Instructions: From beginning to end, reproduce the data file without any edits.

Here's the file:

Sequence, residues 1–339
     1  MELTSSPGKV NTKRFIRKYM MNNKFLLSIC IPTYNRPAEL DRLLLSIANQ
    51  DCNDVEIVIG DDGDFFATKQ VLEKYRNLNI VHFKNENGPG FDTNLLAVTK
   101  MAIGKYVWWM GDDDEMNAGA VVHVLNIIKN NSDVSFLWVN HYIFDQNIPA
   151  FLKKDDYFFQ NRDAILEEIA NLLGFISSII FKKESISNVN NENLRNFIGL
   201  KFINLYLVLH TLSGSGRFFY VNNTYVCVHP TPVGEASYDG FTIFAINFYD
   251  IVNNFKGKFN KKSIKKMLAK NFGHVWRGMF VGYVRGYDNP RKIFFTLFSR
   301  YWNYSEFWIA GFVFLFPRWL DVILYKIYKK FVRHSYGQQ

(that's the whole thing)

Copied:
Sequence, residues 1–339
     1  MELTSSPGKV NTKRFIRKYM MNNKFLLSIC IPTYNRPAEL DRLLLSIANQ
    51  DCNDVEIVIG DDGDFFATKQ VLEKYRNLNI VHFKNENGPG FDTNLLAVTK
   101  MAIGKYVWWM GDDDEMNAGA VVHVLNIIKN NSDVSFLWVN HYIFDQNIPA
   151  FLKKDDYFFQ NRDAILEEIA NLLGFISSII FKKESISNVN NENLRNFIGL
   201  KFINLYLVLH TLSGSGRFFY VNNTYVCVHP TPVGEASYDG FTIFAINFYD
   251  IVNNFKGKFN KKSIKKMLAK NFGHVWRGMF VGYVRGYDNP RKIFFTLFSR
   301  YWNYSEFWIA GFVFLFPRWL DVILYKIYKK FVRHSYGQQ